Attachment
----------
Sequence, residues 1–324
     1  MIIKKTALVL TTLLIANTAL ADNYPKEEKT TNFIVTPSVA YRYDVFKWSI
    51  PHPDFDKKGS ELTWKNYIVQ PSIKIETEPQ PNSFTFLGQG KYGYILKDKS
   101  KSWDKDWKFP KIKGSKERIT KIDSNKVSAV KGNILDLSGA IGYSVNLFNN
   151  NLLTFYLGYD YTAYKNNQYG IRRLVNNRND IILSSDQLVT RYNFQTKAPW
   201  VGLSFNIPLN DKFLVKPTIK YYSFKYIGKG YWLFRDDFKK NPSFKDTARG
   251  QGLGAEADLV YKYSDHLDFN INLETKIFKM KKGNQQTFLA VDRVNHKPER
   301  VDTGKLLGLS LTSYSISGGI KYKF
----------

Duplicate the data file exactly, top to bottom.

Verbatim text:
Sequence, residues 1–324
     1  MIIKKTALVL TTLLIANTAL ADNYPKEEKT TNFIVTPSVA YRYDVFKWSI
    51  PHPDFDKKGS ELTWKNYIVQ PSIKIETEPQ PNSFTFLGQG KYGYILKDKS
   101  KSWDKDWKFP KIKGSKERIT KIDSNKVSAV KGNILDLSGA IGYSVNLFNN
   151  NLLTFYLGYD YTAYKNNQYG IRRLVNNRND IILSSDQLVT RYNFQTKAPW
   201  VGLSFNIPLN DKFLVKPTIK YYSFKYIGKG YWLFRDDFKK NPSFKDTARG
   251  QGLGAEADLV YKYSDHLDFN INLETKIFKM KKGNQQTFLA VDRVNHKPER
   301  VDTGKLLGLS LTSYSISGGI KYKF